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  #31  
Old 10-21-2008, 11:01 AM
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I was just watching some youtube videos and it's surprising how none of the dogs fail. They put them in such non distracting dead quite rooms and magically they are some kind of world class dog trainer. I'd like to see them teach a new behavior to an untrained dog in the midst of barking dogs and running squirrels like most of us in the real world. My pup is a rocket scientist in a quiet room, but outside she's not ready for Kindergarten. I suspect that's many peoples reality and not what is portrayed on Youtube.
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  #32  
Old 10-21-2008, 12:38 PM
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Quote:
I'd like to see them teach a new behavior to an untrained dog in the midst of barking dogs and running squirrels like most of us in the real world.
That is how most people try to train their dogs which brings with it a lot of struggle and confusion to the dog. But most good, professional trainers know better.

They begin teaching a new behavior....in a very non-stimulating, boring room to start. Once the dog becomes fairly reliable that way, you increase the distractions in installments, very gradually, starting on the lowest rung, from mild on up. Trying to teach a new behavior out in real life situations is going to decrease the chance for success and reinforcement which is what increases the odds for learning. For example, your focus/eye contact behavior.... Trying it out as a new behavior, where there are competing motivators (other dogs, children running, squirrels zipping up trees) is setting a dog up to fail. So you begin training in your living room where it is quiet and deadly dull. The stronger the history of reinforcment, the more opportunity for success, the more likely you'll get more correct responses in the future.
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  #33  
Old 10-21-2008, 01:31 PM
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Originally Posted by Doberluv View Post
So you begin training in your living room where it is quiet and deadly dull. The stronger the history of reinforcment, the more opportunity for success, the more likely you'll get more correct responses in the future.
Great point. I'm starting to learn that and I think I need to take this training outside now but with fewer distractions. I feel another video coming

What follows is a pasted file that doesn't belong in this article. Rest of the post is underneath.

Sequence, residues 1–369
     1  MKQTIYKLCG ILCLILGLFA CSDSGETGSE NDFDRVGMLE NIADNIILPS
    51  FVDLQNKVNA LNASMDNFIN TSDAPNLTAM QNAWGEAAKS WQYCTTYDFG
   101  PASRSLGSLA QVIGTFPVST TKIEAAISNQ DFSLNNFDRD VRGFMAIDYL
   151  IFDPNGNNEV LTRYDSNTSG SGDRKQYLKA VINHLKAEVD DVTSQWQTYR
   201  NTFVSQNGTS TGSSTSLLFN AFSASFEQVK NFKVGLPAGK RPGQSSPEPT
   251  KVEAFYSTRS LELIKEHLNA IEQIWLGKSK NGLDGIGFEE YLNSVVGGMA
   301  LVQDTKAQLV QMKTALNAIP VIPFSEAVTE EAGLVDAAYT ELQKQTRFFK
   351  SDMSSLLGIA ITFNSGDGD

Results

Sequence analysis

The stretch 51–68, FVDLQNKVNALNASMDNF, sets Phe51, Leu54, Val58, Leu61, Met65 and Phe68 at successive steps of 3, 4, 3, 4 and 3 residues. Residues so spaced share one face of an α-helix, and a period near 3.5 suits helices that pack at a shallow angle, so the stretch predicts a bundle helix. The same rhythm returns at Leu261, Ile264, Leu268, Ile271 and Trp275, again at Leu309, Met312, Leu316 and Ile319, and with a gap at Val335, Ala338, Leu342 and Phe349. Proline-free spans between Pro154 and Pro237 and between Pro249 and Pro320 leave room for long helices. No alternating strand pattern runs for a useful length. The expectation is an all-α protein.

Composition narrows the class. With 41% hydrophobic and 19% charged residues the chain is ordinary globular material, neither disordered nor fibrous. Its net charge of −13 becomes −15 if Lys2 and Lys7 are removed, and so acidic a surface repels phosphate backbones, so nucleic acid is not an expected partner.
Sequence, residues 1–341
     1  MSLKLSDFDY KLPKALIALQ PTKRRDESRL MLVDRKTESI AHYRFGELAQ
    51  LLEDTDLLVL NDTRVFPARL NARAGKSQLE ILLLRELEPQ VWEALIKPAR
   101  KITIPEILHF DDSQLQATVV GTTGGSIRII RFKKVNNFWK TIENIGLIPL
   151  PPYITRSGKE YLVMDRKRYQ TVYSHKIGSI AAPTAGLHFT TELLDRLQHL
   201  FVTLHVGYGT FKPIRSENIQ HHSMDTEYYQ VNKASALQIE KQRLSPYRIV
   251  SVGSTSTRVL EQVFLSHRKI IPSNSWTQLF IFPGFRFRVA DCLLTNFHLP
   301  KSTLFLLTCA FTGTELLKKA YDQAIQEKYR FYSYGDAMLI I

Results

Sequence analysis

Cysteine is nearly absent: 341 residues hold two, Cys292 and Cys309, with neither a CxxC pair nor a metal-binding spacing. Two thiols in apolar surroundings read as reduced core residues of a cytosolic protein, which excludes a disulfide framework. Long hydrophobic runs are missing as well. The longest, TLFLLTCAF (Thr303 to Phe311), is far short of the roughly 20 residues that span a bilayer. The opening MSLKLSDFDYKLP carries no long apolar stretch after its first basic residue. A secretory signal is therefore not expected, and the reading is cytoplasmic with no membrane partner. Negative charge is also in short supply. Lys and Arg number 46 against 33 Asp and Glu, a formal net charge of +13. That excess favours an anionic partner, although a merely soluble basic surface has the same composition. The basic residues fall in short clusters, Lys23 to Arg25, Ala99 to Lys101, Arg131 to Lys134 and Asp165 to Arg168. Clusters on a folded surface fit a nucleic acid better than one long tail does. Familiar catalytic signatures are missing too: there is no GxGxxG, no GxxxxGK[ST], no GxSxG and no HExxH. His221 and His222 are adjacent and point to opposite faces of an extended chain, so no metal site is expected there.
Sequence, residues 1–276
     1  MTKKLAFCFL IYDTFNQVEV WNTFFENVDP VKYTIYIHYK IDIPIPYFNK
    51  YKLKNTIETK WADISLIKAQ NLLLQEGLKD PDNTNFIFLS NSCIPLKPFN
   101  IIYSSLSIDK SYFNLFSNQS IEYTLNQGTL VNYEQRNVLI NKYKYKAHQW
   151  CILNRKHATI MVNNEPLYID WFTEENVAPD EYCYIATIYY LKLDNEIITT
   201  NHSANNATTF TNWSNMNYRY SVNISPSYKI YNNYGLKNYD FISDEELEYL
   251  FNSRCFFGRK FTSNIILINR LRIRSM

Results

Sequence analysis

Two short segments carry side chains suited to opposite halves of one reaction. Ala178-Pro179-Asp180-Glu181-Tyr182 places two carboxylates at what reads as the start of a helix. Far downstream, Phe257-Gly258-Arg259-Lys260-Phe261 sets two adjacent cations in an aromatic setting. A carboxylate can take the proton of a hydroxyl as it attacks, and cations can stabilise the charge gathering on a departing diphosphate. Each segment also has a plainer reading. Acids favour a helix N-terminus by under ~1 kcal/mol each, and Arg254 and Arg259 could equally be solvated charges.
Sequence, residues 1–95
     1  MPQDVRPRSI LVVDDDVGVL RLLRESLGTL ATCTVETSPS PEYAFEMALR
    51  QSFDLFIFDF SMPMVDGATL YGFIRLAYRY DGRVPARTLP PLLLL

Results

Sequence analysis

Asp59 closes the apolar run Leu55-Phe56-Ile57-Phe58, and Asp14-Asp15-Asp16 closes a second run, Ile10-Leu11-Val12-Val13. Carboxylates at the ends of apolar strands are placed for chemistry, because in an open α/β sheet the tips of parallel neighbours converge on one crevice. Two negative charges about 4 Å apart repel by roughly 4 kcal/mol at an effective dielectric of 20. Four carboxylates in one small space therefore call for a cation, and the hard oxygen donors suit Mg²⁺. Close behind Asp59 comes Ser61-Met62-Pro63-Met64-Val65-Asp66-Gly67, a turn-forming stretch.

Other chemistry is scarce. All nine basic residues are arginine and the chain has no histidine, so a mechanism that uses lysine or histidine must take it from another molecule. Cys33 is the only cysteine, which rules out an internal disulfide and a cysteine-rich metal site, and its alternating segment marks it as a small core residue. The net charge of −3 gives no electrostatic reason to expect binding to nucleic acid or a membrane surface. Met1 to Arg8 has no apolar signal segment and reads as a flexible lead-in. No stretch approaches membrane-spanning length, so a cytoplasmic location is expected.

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  #34  
Old 10-21-2008, 01:48 PM
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I think it might also help you to SLOW DOWN. :P I know it's tempting to rush stuff with a bright dog, but building a really good foundation now means less retraining later when something breaks.
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  #35  
Old 10-21-2008, 02:49 PM
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Hi Dogstar, that is a great point. I asked that question a while back and was told as long as she's still learning, I'm not going too fast so I kept going.

Ok, here she is outside with minimal amount of distractions. Good job!

http://www.youtube.com/watch?v=obHhqMw6dpw

I had planned to do one over closer to busy road noise and more people but as we walked over she spotted a squirrel. You can imagine what happened next Notice how long it took me to get her refocused. It's much worse when she sees a dog. I don't expect her not to be interested in the fuzzy moving thing, but I would like to be able to refocus her more quickly and she can't be allowed to chase anything without my permission. I guess she thought it was better to asked for forgiveness than permission in this case. If that squirrel would have hung around I would still be trying to get her to refocus.

http://www.youtube.com/watch?v=5iM0E9XWbHA

I need to do a "meet a dog" video and show everyone where I am on this. BTW, this is all on a rolled collar.
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  #36